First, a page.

Yankees 3B Chase Headley has struggled since being acquired by the Yankees in 2014, and knows he can play better than he has over the last two and a half years.
"I know there's more in there," Headley told Mike Mazzeo of the Daily News. "I know that I can produce more than I have."
Following the 2014 season, the Yankees gave the switch-hitting third baseman a four-year, $52 million contract. The next year, Headley hit .259 with only 11 HRs and 62 RBIs while committing 23 errors in 156 games.
The third baseman also got off to a miserable start in 2016, which helped contribute to New York's horrid start in the standings. The former Gold Glove and Silver Slugger award winner was hitting just .147 on May 3 as the Yankees were 8-16.
"No, I haven't lived up to my own expectations as a Yankee," said Headley. "The first year I was atrocious defensively. And that was probably the most frustrating part of my career, because you expect some variation offensively. But defensively, I've always been pretty steady and take pride in not bringing my hitting to the field, so that was frustrating. And then obviously last year my start was so bad that it really contributed to digging us a big hole.
The veteran infielder was able to bounce back and hit .268 the rest of the way, finishing the season with a .251 batting average to go along with 14 HRs and 51 RBIs in 140 games.
"I got a couple of things to fall into place, I started taking good swings and I began to relax," said Headley. "I got into a good place mechanically and with my confidence."
After two and a half seasons in New York, Headley is fully aware of the fans' expectations for both him and the rest of the team. While some may be intimidated playing in one of the largest markets in the country, Headley welcomes the passionate fanbase.
"If I perform the way I'm capable of, that won't be an issue," said Headley. "They're passionate fans, and I appreciate that. It's not always fun to hear it when you're not playing well, but it's New York, so the fans care. They cheer you when you're playing well, so you accept the criticism and the noise that comes when you're not performing."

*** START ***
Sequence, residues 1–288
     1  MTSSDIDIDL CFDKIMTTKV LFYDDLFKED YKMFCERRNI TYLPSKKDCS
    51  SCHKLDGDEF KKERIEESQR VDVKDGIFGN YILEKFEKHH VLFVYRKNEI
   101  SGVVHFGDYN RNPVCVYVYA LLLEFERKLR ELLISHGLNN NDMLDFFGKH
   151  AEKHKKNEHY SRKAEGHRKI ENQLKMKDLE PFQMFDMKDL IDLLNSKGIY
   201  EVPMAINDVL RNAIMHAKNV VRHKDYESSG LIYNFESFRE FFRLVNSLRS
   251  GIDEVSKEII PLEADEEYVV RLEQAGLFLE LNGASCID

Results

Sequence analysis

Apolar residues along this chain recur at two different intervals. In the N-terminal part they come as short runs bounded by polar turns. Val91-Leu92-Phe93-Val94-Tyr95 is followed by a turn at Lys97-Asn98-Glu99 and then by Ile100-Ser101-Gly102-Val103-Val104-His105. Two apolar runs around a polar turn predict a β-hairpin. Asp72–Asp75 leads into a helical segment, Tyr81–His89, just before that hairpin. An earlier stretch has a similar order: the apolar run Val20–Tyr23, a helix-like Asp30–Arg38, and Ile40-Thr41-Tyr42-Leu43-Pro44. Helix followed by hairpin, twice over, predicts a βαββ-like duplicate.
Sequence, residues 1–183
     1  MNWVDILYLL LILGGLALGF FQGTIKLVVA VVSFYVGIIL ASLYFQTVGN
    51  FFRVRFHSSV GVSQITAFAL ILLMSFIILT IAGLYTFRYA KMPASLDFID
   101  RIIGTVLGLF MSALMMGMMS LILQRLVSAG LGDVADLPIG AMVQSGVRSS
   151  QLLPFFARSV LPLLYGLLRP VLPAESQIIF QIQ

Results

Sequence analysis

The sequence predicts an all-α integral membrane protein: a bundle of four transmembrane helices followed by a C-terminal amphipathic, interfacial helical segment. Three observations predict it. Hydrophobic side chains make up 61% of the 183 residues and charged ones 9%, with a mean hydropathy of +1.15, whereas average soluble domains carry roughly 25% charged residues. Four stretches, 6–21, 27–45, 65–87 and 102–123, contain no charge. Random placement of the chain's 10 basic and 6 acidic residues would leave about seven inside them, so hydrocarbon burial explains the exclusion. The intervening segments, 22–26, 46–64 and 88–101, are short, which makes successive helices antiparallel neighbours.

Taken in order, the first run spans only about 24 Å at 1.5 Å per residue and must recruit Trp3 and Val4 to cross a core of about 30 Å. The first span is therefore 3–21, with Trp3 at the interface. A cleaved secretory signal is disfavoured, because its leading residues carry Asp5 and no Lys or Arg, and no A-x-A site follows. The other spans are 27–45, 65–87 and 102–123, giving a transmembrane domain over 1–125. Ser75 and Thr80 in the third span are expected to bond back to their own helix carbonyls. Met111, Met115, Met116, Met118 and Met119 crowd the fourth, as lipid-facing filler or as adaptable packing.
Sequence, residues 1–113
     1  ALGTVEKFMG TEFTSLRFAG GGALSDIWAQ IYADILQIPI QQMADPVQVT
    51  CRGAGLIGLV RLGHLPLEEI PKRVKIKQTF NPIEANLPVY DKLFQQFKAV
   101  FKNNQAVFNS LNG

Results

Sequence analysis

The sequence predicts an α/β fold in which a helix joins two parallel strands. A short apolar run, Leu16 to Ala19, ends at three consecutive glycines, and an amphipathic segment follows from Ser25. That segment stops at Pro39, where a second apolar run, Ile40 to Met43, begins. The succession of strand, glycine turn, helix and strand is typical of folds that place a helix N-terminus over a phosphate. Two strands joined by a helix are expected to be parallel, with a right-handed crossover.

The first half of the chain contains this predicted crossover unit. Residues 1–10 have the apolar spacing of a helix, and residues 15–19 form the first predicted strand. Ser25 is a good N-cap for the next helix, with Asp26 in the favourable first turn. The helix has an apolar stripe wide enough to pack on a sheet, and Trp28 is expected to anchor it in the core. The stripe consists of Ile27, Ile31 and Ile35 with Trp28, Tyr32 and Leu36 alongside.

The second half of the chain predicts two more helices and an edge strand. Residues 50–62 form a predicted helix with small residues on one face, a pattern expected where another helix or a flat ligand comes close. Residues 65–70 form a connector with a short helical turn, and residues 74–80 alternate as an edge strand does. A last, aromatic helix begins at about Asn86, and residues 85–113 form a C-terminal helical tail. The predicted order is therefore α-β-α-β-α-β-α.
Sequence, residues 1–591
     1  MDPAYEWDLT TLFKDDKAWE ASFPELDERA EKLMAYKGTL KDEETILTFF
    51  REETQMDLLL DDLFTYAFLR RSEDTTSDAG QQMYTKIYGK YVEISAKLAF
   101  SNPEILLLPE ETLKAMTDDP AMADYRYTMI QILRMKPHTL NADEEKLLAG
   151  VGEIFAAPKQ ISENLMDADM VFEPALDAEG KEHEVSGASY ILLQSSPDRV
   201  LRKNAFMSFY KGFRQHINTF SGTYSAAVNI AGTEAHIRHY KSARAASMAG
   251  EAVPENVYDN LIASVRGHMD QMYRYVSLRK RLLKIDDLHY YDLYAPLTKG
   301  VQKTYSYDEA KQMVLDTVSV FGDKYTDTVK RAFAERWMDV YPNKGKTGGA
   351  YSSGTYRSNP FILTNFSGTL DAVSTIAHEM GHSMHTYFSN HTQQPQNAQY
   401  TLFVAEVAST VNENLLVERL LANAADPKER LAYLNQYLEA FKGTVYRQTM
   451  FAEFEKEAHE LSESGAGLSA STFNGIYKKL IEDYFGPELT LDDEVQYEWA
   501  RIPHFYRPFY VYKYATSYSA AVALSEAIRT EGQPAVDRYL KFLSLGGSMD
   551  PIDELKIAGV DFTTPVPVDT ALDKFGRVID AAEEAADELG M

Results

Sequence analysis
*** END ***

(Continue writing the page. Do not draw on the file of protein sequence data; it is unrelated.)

The Yankees currently have one of the top farm systems in baseball, headlined by 20-year old Gleyber Torres. While he understands that Torres, along with several other quality infield prospects, are knocking on the door, Headley is not worrying about anyone besides himself.
"I have a high standard for myself. I know what my goals are and my expectations are as a player," said the veteran. "There's always somebody coming. That's the nature of the game, so I don't think it's worthwhile for anybody to worry about that."
It is good to know that Headley understands the importance his performance means to the club, but it is the actual production on the field that will dictate fans' response. Regrettably for Headley, he will not get the benefit of the doubt because he consistently gets off to slow starts at the plate and the catch-up process he brings in the summer doesn't carry enough weight for fans.
Unfortunately, Headley's spring training has been more or less uninspiring with a couple of clutch hits mixed in. With just under two weeks to go in the preseason, it is essential that Headley begin to show positive signs at the plate with hopes he can carry it into the regular season.
For the Yankees, another issue with poor performance from Headley becomes a ready replacement for him. The system's top third base prospect, Miguel Andujar, has never played above Double-A, and the utility infielders do not project to everyday third basemen. Headley is not expected to be the star of this team, but he has to perform well for the entire season with little chance of infusion coming elsewhere.